With the start once again playing the decisive role, Team New Zealand and Luna Rossa each won a race at the America’s Cup in Auckland, New Zealand.
The series now stands at two races each for Team New Zealand, the cup holder, and Luna Rossa, the Italian challenger. The first team to win seven races takes the Cup.
Fears of a delay or cancellation arose before Friday’s first race, both because of light winds and a technical issue on Luna Rossa. But when the race was set to begin, the cause of the delay turned out to be something fixed far more easily: a few spectator boats had strayed onto the course.
When the race finally began, both teams tacked immediately after an even start. Spectators held their breath, knowing the maneuvers might well decide the race, as they did in the first two on Wednesday. It was Italy that got the best of the tack, taking a lead of only a few seconds.
But a lead like that at the start has been enough to win at the America’s Cup so far. With New Zealand forced to maneuver away, Italy built a lead that held up through all six legs. Luna Rossa eventually won by 37 seconds.
In the day’s second race, New Zealand gained the slight edge at the start, and benefited when Luna Rossa made a bad jibe. Almost as soon as it began, the race was effectively over.
Although the day was even, New Zealand’s crew may have been happier with that split, as prerace chatter had suggested that Luna Rossa would be the better boat in very light winds, like Friday’s conditions.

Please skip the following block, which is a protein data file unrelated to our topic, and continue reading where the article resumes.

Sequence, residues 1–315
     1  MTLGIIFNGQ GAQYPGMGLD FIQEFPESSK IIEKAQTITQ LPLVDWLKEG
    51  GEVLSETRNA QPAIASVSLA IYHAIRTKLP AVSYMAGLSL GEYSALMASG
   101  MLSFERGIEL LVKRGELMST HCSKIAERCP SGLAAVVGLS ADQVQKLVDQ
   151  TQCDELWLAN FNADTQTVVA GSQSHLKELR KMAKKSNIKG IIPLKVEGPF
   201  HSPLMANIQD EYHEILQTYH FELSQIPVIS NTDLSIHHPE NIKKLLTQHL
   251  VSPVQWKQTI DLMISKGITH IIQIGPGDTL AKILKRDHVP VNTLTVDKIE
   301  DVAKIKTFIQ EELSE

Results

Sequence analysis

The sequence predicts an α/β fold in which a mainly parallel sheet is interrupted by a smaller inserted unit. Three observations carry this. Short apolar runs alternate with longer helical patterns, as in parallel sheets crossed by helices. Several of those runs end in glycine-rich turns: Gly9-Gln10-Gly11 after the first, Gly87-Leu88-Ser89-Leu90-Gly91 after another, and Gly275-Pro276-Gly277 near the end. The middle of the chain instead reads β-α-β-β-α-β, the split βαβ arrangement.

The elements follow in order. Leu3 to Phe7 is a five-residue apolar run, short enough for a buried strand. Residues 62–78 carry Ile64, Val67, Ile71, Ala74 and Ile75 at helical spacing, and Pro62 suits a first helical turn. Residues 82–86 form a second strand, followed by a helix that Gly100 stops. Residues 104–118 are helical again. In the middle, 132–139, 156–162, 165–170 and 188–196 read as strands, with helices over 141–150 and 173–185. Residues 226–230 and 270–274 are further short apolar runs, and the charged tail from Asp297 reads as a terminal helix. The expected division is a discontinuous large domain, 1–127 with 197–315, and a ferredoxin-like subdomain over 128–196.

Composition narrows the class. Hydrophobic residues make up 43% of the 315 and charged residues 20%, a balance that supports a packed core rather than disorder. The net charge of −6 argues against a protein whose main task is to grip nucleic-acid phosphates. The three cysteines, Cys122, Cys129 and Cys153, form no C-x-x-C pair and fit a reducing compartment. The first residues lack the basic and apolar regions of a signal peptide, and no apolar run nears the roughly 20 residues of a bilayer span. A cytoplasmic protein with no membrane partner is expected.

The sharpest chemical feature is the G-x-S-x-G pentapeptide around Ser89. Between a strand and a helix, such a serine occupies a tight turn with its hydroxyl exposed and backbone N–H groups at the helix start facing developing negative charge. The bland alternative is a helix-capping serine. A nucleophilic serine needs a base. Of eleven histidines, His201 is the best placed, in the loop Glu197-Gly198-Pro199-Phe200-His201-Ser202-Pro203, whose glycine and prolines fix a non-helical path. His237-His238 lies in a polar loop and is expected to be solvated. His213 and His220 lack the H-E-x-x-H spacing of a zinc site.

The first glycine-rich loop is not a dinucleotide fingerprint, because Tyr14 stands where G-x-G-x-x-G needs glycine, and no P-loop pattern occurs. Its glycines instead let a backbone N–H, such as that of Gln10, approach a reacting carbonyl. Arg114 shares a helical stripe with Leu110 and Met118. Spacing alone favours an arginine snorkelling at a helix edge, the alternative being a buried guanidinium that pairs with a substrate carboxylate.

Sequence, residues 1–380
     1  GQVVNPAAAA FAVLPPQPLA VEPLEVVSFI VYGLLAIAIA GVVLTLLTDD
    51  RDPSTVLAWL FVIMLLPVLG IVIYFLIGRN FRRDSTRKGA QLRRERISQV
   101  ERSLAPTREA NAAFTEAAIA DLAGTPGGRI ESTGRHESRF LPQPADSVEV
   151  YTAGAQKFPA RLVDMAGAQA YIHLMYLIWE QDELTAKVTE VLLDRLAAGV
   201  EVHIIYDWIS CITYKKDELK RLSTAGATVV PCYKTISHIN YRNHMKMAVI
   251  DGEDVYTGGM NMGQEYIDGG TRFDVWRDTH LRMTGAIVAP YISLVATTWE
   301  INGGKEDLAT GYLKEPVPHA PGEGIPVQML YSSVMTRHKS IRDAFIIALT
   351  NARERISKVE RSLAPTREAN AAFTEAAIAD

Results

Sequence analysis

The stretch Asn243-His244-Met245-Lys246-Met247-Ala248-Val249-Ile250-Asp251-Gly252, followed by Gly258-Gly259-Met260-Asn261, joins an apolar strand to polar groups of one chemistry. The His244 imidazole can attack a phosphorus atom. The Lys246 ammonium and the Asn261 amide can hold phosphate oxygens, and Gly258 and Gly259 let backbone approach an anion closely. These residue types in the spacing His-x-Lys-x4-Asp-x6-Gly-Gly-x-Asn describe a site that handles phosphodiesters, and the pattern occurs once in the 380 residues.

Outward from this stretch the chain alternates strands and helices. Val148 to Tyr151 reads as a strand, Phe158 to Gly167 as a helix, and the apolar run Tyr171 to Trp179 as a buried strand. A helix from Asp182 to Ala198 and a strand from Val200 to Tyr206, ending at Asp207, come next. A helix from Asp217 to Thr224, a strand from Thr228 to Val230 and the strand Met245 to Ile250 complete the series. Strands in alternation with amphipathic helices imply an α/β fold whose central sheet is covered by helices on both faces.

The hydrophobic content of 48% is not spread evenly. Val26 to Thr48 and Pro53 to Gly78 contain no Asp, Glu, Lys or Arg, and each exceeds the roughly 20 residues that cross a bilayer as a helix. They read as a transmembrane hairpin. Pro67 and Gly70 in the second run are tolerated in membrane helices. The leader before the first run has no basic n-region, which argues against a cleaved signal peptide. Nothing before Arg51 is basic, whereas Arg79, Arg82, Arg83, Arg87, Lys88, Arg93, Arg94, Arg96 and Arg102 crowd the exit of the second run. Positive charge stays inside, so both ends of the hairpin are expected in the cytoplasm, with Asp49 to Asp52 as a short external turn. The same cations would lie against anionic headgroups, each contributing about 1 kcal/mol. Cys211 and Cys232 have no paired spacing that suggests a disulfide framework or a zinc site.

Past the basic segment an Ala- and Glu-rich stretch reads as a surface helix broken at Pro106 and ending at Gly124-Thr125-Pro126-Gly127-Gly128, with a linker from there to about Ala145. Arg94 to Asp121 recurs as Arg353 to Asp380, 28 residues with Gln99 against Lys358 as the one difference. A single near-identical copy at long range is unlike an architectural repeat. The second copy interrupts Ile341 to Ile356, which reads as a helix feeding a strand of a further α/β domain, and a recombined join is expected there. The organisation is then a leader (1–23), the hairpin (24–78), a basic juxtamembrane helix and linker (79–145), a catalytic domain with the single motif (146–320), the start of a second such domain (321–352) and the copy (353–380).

“That was a really good race for us,” Blair Tuke, the flight controller for Team New Zealand, said after the second race tied the series at 2-2. “Got off the start line slightly better than the race before.”
New Zealand is the Cup holder after defeating the United States off Bermuda in 2017. This year’s races are being contested with 75-foot monohulls — fast, spectator-friendly boats that can fly above the water on hydrofoils as fast as 60 miles an hour. “I truly believe we’re the underdogs,” Luna Rossa’s Australian helmsman Jimmy Spithill said, “but as we’ve shown, we can win races.”
The racing will continue all weekend in Auckland, and most likely with bigger crowds in attendance after New Zealand’s government lifted a series of strict lockdown restrictions on Friday.
“Looking at the score line, it’s great news for the event, for fans of both teams,” Spithill said. “But you’re taking on Team New Zealand at home, and they’re the favorites.”
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